I went home yesterday and immediately the smell of something burning hit my nostrils. My inner alarm spiked up- what’s wrong? Mrs. H (My host mother) is an incredible cook, there is no way she would burn something. I walked down to the kitchen and found her cutting up bananas, setting them into beautiful circle on pie plates. And beside her, sitting there in glory- was what I thought was burning.
Dark brown liquid circled the bottom of the pan, and as I got closer the smell intensified. It was burnt, but it was also sweet; like those rainy days when you can smell both the stale of earth and crisp of wet grass.
“Ever heard of Tarte Tatin Dee?” she asked. I nodded with excitement.
She drizzled the caramel on top of the banana, hugging those yellow fluffs like blanket. I always thought french food is complicated and difficult, but Mrs. H explained to me that Tarte Tatin is just basically upside down Tart, which the fruit are covered in caramel (or how Wikipedia said it would be “caramelized in butter and sugar”). And it doesn’t have to be Apple Tarte Tartin! We could use bananas, pears, and other fruits. then I asked why she used pie plate rather than a pan.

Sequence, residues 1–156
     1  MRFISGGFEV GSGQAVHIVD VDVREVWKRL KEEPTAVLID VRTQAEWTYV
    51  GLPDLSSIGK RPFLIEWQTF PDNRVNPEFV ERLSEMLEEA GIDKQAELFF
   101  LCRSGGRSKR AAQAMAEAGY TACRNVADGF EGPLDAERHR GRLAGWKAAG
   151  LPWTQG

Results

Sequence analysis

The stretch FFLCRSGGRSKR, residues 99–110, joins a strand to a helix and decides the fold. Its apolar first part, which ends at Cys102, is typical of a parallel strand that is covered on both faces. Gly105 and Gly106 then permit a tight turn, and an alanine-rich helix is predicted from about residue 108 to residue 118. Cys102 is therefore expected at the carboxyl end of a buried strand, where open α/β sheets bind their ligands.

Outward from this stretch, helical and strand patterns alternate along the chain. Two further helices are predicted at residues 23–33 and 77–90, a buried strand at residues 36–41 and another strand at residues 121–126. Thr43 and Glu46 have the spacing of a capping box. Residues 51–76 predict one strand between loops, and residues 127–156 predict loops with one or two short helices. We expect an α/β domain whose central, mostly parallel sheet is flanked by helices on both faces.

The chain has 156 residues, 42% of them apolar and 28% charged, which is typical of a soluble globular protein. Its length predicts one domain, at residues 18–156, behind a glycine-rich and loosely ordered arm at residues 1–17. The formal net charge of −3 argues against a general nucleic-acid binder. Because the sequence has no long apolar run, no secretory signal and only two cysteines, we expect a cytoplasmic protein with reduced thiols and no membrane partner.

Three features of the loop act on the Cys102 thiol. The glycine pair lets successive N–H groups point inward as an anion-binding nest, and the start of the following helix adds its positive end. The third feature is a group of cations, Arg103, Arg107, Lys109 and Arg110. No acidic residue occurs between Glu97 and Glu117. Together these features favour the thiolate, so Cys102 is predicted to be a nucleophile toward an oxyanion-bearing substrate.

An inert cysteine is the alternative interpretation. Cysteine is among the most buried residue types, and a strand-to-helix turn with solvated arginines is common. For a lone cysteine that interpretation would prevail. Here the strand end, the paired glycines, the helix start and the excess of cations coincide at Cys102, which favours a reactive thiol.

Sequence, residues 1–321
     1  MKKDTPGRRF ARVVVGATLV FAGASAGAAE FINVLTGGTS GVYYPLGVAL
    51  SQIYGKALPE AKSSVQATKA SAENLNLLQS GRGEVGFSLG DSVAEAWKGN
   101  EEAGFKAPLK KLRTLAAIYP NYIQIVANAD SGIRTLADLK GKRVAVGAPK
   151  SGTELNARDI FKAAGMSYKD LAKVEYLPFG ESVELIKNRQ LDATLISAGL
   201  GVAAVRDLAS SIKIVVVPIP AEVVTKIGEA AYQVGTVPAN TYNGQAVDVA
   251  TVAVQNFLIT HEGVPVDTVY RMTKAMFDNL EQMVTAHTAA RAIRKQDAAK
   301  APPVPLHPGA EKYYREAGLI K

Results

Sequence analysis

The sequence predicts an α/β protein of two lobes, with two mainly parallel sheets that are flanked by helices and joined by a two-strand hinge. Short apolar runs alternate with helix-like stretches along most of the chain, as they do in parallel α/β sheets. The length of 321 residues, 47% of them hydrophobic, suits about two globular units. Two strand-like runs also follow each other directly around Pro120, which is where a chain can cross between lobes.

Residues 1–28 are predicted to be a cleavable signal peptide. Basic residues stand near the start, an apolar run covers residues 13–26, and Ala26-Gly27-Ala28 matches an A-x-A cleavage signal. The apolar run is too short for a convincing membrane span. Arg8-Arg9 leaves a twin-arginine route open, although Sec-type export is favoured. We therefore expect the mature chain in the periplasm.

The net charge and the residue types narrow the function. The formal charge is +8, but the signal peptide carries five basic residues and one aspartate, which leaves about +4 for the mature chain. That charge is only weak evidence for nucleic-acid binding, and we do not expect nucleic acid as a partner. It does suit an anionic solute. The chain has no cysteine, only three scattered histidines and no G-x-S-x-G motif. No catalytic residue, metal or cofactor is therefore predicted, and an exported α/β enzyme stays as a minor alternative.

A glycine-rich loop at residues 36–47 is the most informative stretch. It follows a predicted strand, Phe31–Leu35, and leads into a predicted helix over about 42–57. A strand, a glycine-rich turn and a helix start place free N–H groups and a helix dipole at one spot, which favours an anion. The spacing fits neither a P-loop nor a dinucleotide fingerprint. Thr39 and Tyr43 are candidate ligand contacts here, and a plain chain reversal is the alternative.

Mrs. H curved her lips and said proudly, ‘”We’ve got to improvise, Dee”
Being an apprentice chef for years surely she knows her stuff (not to mention- she married a pastry chef!)
Mrs. H then enclosed the pie plate with pastry- sealed it real good and sent them to hot oven.
Later that night we ate the Banana Tarte Tartin as a dessert, sizzling hot with oozing caramel and a spoon of vanilla gelato. I look around and realized a funny recognition; the deep brown of banana and caramel with pure white from the gelato-was a match with Mrs. H house, with their white cupboards and smooth wooden floors.
And it smells good.
You know what it smells like?
I took a deep breath and ate, grateful. I’ve been in Sydney for a month. The first days are tough, then it become okay. I’m adapting. Slowly, maybe really slow…. but I am. And that’s enough for now. J